Shortly after Pizarro’s death, Diego el Monzo, the son of Almagro, proclaimed himself the new governor of Peru.
In the centuries since Pizarro’s brutal conquests of the indigenous peoples of Peru, he has been revered as a hero “who brought Christianity to the heathens of South America”, and was even honored with a statue at one point, but modern historians have since been… less kind in their evaluations of the man, and the era of colonialism in general. However you slice it, there’s no denying Pizarro wiped out a whole civilization through a brutal series of campaigns, using superior weaponry and deceit, decimating and looting an ancient culture, erasing centuries of potential archeological knowledge, and forever altered the course of an entire continent.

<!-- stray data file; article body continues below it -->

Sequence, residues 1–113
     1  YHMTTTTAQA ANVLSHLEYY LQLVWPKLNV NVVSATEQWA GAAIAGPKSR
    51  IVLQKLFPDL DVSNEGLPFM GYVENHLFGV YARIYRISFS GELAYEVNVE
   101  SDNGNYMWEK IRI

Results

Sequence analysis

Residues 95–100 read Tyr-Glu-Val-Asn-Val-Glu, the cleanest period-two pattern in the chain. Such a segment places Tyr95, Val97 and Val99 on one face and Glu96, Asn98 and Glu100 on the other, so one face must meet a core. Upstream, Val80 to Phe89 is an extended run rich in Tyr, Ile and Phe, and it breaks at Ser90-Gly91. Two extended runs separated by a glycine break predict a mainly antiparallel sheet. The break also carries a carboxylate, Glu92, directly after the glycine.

– Erik Slader
For more historic fails, be sure to check out the Epik Fails of History podcast, and you can find my “Epic Fails” history books on Amazon and Audible!